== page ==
New technologies allow us to increase access to more information, as well as giving us the potential to change the traditional role of teachers, who will be able to shift their educational interest from imparting knowledge to other aspects of the teaching/learning process and to new educational objectives. Information technologies can help with many learning problems and allow teachers themselves to spend more time exploring new ways to teach their subject, giving individual attention to student learning needs, etc. but it is important to identify optimum conditions for the use of information and communication technologies (ICT) to give the best results in a specific educational environment.
Nevertheless, in spite of the potential advantages, these educational benefits are difficult to quantify and there is a need for better evaluation of the general effectiveness of teaching and learning with technologies compared with conventional teaching and learning approaches. Moreover, evaluation studies on the effectiveness of ICT in education should be able to provide consistent evidence not only on the use of new technology in teaching, but also considering this use in the specific learning context, because as stated by Laurillard, `Any educational method depends for its effectiveness on the students, teachers, classroom style, institutional milieu, and so on, as much as on the material or method itself … the context of learning is important enough in its influence on the effectiveness of new technology that it needs to be considered both in implementation, and in evaluation’. For this reason we must analyze the traditional model of teaching deeply and critically, considering the existing learning context and how it can be improved by introducing new technology.
The present research is focused on the improvement of student learning and the aim is to ensure best practice in effective teaching and learning using computer-assisted learning (CAL). To this end, research at Imperial College, as a result of a new internal teaching development grant scheme, continues in the following areas:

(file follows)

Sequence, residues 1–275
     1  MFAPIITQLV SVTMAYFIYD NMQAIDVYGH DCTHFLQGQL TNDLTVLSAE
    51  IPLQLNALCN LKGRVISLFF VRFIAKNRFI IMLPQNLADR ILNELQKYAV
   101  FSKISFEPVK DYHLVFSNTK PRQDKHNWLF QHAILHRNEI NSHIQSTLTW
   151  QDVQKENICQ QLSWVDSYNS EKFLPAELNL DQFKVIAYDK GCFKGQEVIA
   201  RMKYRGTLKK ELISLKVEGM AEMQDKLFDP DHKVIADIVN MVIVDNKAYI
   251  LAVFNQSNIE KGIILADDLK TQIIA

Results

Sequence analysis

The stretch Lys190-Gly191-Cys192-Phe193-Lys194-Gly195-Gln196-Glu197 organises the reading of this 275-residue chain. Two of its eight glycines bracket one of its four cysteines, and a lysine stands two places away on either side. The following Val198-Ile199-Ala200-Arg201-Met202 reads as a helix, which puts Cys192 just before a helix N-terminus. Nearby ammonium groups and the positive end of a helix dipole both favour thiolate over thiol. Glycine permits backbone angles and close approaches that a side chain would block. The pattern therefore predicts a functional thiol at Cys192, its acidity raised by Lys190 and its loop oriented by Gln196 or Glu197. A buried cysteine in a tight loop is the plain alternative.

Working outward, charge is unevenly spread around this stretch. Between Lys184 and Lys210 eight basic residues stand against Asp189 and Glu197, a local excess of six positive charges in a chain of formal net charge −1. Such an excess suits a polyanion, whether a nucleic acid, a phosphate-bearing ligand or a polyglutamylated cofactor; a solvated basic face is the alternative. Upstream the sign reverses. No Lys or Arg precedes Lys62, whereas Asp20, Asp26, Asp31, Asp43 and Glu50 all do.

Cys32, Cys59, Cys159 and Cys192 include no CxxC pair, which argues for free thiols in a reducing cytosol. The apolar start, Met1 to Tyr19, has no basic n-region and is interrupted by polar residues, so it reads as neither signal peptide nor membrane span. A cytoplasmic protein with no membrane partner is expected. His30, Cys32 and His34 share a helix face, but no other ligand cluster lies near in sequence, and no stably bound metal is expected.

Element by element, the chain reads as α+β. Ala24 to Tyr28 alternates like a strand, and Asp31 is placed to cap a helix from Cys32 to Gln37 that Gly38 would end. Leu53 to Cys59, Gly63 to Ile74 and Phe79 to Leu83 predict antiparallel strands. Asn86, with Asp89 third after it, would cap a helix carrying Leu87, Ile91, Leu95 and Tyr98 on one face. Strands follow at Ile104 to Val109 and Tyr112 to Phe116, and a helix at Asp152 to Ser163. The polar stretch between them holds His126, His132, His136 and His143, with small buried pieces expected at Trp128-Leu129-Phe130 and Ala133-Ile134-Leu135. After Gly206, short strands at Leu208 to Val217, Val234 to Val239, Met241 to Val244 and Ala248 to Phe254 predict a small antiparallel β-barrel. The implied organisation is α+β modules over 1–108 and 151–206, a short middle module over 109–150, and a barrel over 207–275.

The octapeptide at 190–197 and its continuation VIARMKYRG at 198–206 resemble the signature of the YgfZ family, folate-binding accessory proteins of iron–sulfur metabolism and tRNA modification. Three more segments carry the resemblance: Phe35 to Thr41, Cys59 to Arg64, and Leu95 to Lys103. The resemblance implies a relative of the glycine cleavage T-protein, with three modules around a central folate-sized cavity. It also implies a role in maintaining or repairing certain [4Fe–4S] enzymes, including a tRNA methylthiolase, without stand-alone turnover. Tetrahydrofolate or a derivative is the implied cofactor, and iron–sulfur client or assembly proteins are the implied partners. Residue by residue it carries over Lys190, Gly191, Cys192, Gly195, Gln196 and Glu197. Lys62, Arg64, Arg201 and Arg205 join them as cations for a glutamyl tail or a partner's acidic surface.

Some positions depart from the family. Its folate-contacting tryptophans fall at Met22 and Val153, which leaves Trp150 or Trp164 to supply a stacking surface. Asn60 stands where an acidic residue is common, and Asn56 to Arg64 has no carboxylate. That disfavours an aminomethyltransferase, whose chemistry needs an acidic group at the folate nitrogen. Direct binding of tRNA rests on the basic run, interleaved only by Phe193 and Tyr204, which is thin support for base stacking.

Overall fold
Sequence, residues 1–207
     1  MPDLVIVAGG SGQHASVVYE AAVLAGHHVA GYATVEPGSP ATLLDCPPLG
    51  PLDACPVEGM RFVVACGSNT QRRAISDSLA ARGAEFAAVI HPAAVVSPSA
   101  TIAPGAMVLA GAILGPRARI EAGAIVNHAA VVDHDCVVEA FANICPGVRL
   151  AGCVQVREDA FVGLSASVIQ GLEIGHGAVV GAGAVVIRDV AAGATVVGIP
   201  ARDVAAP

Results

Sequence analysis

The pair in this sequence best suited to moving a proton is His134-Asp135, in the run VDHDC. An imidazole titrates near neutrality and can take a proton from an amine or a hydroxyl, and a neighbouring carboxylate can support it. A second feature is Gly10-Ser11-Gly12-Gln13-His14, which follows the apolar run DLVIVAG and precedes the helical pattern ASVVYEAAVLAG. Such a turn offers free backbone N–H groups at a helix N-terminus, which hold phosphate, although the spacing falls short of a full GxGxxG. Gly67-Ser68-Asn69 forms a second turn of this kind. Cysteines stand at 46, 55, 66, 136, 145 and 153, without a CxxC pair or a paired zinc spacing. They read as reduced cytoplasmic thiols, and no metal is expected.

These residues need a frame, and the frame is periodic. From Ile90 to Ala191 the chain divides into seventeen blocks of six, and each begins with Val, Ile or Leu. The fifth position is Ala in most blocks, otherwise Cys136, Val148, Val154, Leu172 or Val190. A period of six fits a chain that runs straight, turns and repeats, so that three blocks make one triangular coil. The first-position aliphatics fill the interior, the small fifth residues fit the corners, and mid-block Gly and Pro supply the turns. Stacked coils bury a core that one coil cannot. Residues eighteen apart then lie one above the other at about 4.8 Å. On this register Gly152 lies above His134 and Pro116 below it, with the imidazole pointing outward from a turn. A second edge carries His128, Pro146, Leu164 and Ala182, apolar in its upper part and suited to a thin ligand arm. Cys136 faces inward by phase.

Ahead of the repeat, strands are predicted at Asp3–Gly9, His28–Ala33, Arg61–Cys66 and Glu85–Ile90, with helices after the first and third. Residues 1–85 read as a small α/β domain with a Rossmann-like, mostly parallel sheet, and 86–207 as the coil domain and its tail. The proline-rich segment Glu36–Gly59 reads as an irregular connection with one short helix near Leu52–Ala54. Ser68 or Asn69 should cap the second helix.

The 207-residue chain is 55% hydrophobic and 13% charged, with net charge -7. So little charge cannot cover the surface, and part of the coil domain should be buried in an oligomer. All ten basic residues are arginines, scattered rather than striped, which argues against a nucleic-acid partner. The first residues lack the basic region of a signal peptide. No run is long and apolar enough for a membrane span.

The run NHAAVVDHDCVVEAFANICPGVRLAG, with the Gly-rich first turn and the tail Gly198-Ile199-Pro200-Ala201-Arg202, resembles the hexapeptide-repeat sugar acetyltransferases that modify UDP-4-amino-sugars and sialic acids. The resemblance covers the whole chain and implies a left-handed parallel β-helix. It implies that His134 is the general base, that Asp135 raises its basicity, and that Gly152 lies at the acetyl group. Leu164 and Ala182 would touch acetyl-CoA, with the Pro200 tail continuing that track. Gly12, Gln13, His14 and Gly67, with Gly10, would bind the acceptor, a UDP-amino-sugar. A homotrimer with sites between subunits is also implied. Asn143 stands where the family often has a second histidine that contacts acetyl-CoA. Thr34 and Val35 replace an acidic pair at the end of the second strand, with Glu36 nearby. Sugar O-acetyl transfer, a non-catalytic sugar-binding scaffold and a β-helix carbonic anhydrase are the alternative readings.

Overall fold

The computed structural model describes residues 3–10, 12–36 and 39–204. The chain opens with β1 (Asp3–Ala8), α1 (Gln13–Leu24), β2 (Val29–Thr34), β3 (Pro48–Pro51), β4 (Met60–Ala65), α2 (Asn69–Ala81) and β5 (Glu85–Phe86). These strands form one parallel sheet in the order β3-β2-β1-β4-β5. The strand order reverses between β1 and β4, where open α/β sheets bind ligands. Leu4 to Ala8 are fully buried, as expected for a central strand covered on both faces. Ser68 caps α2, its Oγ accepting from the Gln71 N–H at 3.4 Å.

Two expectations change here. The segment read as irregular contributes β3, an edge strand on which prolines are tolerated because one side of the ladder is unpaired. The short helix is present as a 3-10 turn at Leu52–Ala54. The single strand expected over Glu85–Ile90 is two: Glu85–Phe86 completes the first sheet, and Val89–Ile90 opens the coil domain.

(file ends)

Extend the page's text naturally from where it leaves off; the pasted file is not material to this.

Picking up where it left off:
(1) To develop guidelines for defining the optimum operational culture for CAL and ICT
(2) Identifying barriers to utilizing these at present
(3) To provide guidelines for effective implementation and staff intervention of CAL/ICT into programs which enhance student learning in scientific and engineering disciplines.
This article describes the first stage of this research, intended to focus on the following issues:
o How widespread is the use of CAL/ICT at Imperial College?
o Which are the main barriers and resistance?
o How effective is the present use of CAL/ICT in teaching and learning?
The data are intended to be context-specific for a traditional, technical, research-based university and will provide a subset of the wider issues discovered by the recent review of the Teaching and Learning Support Network (TLTSN) and Computers in Teaching Initiative (CTI) that have generated a lot of very important data on the current experience of institutions regarding perceptions of the benefits, barriers to use and levers to fuller use of CAL packages and ICT.
The perceived benefits are considered to be the flexibility of delivery, the promise of distance learning and the professional skills development of the students; also where there is a specific need, i.e. for use of stable data sets or records, etc. It is clear that the benefits to learning have not been proven, or cost benefits.
The levers to fuller use have been perceived to be within staffing (commitment from management, computer-literate staff), strategies (infrastructure and recognition) and standards (information on developments nationally and internationally).